Out of 1.8m injecting drug users, 70% have HIV or Aids, but the Government does not believe a methadone programme would reduce these numbers.
John Ashton was a senior lecturer at Liverpool’s medical school in the 1980s, and played a pivotal role in establishing the first needle exchange and other programmes.
He says advice from an American called Glen Margo was central, after he visited the city and gave talks about the US Aids epidemic.
Dr Ashton said: “Nationally, we were under a prudish influence.
“Anything to do with sex was swept under carpet.
“But there were figures trying to change this.
“We got permission from the chair of the Mersey Regional Health Authority to set up the first needle exchange on Maryland Street, by the Phil.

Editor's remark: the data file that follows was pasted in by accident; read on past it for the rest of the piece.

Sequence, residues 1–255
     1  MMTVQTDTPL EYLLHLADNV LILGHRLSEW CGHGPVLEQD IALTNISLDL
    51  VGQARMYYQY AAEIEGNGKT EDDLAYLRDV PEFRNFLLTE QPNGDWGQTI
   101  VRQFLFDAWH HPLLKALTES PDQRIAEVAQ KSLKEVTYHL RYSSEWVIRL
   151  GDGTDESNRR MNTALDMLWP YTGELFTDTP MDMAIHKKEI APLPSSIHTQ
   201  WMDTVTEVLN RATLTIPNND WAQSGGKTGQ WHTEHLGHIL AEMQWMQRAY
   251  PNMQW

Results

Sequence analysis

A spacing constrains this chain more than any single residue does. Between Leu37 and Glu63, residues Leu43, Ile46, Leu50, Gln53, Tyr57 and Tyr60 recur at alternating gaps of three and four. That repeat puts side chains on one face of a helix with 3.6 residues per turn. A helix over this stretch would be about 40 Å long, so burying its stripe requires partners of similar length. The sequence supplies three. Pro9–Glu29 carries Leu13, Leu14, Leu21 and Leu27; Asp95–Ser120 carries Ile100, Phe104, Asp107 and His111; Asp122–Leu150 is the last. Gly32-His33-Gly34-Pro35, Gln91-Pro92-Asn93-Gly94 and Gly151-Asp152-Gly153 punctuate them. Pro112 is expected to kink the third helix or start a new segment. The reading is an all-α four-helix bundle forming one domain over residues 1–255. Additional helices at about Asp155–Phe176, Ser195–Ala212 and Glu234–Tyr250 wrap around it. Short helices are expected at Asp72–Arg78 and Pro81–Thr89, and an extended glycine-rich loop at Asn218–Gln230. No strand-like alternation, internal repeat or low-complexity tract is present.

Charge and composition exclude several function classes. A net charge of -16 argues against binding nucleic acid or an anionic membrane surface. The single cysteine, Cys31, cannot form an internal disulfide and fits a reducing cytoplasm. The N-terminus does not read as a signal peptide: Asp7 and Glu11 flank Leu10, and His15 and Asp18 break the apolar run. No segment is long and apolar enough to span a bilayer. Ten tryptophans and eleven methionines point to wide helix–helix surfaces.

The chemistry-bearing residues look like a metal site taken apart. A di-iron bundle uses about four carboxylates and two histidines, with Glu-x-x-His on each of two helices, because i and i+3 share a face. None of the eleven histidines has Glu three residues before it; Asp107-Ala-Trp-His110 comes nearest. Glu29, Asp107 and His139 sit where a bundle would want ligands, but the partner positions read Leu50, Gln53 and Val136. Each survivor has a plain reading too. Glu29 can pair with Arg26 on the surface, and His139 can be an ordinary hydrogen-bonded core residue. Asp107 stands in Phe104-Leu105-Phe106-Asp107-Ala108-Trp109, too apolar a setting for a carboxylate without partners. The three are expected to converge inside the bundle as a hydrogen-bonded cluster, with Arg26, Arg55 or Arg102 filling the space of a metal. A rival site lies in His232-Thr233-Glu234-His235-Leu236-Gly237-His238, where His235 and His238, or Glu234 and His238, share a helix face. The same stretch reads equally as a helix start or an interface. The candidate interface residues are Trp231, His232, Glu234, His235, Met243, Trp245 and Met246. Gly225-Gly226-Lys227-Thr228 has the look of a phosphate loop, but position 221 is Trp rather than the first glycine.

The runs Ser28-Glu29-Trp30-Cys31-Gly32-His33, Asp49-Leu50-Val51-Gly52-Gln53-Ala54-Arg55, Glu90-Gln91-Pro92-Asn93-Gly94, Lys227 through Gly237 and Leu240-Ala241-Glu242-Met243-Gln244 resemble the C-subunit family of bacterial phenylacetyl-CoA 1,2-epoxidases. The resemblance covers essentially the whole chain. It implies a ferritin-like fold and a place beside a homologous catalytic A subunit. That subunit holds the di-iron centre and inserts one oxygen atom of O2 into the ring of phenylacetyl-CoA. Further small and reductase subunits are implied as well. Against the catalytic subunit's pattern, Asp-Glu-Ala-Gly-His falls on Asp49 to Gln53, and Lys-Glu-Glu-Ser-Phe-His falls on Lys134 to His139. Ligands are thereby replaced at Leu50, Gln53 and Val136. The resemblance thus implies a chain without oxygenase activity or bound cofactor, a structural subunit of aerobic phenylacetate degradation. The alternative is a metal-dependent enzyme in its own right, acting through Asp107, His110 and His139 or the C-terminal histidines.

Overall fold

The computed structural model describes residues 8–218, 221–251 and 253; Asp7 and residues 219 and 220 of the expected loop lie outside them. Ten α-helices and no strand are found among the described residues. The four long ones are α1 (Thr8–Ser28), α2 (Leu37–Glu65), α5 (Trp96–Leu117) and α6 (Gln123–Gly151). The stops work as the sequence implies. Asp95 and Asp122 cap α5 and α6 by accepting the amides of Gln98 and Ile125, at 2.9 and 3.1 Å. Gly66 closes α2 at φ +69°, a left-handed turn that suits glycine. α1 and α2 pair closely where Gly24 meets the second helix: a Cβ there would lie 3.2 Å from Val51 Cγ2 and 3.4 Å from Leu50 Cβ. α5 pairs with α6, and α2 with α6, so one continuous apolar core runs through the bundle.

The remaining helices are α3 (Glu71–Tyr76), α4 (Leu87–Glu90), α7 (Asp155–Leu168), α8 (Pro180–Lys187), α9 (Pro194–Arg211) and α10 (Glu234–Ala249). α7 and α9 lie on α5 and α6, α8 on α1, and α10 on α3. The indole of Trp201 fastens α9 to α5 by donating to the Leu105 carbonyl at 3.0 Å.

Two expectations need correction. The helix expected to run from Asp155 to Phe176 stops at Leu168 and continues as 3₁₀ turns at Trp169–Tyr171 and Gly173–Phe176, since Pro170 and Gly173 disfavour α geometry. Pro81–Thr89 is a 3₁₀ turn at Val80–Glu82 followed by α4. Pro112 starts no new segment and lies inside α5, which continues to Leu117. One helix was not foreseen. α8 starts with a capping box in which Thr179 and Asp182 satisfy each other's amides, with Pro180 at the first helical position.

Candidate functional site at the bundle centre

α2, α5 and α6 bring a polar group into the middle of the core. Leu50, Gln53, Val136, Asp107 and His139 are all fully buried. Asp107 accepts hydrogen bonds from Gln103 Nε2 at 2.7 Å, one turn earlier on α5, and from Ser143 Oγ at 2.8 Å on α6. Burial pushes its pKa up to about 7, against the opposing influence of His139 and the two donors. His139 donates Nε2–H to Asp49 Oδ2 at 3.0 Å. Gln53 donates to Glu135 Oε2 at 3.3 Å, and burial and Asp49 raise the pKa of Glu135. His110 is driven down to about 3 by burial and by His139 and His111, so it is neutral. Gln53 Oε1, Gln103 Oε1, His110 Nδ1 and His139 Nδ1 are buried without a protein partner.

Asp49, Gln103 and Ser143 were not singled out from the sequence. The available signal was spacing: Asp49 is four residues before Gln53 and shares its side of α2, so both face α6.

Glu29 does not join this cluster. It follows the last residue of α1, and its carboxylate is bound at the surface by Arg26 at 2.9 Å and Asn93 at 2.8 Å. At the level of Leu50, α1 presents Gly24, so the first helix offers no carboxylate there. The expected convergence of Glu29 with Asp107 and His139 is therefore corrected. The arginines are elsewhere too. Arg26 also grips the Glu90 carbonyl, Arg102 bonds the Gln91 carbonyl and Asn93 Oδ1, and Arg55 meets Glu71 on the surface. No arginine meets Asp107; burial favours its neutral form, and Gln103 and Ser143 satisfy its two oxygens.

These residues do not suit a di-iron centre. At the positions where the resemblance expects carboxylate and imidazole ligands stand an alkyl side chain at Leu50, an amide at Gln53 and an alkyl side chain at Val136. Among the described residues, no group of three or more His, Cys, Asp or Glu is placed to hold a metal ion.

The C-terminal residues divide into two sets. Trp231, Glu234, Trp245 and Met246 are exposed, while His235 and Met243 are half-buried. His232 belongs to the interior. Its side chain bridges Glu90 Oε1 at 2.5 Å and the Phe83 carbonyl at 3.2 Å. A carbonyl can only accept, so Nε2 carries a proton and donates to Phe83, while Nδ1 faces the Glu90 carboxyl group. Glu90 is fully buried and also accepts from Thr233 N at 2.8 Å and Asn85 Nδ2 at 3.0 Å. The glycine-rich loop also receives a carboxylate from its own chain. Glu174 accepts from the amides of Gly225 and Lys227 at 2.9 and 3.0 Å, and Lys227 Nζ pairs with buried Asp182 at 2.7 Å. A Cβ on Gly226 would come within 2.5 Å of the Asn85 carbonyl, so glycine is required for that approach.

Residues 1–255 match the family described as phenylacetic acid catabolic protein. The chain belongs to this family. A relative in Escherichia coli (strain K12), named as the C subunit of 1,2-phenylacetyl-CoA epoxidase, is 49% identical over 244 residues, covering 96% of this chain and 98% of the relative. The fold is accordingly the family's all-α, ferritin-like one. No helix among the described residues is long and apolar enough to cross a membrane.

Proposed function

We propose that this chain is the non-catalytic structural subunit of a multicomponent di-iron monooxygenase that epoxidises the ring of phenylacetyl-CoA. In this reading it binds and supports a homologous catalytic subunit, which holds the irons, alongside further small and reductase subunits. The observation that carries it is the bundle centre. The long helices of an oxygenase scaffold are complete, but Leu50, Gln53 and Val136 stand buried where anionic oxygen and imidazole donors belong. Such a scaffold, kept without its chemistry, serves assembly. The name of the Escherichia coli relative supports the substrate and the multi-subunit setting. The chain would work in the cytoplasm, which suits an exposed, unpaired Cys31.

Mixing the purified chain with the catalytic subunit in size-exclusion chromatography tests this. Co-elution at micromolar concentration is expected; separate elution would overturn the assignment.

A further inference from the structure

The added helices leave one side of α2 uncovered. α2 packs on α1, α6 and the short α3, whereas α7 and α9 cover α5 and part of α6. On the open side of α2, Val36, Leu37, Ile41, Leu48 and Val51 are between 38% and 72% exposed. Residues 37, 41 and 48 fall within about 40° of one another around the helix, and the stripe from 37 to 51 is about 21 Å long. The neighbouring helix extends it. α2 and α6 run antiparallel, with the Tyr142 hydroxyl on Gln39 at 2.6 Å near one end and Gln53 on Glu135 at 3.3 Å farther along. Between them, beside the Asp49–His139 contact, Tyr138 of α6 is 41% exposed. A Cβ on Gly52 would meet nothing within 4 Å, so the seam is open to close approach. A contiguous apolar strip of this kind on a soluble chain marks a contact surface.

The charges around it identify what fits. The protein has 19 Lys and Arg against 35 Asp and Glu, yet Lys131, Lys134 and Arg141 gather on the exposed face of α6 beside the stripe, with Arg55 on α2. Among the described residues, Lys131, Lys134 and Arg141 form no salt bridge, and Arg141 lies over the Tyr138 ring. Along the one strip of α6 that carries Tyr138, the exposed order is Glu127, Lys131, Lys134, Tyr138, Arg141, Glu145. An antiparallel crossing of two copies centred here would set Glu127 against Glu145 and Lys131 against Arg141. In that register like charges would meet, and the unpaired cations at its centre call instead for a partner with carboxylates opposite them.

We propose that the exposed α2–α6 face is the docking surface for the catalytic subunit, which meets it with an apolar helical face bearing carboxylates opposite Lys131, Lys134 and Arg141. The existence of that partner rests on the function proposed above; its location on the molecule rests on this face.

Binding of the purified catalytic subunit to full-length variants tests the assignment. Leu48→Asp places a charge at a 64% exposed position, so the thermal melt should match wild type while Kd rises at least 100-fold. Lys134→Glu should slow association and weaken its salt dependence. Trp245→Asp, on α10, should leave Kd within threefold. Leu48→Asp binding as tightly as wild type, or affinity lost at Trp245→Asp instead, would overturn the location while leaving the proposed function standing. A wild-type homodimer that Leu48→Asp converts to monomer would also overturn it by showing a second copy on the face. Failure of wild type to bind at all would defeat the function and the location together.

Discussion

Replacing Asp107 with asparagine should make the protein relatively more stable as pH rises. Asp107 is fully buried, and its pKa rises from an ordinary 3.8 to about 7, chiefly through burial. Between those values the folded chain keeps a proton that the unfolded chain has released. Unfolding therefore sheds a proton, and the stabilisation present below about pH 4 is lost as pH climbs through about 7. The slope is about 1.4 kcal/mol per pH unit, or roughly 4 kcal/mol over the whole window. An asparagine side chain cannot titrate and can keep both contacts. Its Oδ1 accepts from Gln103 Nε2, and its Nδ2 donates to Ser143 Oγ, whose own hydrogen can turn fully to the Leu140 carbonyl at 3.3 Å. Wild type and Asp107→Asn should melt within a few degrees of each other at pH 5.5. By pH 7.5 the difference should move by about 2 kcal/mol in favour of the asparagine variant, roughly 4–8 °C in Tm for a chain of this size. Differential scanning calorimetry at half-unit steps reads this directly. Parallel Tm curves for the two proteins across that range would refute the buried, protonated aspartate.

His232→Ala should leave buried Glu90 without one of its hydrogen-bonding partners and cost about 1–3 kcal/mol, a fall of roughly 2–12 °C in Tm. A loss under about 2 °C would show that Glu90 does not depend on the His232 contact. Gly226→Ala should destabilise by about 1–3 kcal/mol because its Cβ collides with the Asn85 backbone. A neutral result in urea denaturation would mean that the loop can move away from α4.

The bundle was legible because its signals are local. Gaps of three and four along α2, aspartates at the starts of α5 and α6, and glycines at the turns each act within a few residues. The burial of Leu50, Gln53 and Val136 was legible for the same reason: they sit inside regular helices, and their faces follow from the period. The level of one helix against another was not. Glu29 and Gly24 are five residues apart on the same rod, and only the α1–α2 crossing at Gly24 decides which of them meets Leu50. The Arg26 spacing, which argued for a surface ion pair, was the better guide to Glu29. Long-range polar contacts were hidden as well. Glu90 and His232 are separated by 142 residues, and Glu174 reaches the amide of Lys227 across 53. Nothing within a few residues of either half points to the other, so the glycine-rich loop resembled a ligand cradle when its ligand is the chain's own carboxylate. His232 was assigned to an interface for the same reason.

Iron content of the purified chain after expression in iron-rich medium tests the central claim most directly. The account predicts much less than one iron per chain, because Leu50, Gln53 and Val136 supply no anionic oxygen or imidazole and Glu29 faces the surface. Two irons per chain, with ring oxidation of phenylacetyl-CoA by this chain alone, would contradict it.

“Drug users found out by word of mouth about the exchange and we set the agenda.
“We were not judgmental and left it up to the individual as to when they were ready to come off drugs.
“We prescribed methadone and gave clean syringes.
“It was decided nationally that needle exchange pilots should be set up after several babies were born with HIV in Edinburgh.
It emerged police were arresting drug users who carried needles in the city – encouraging them to share in “shooting galleries”.
Dr Ashton added: “The steps kept HIV out of the injecting population in Merseyside, unlike in other northern cities.”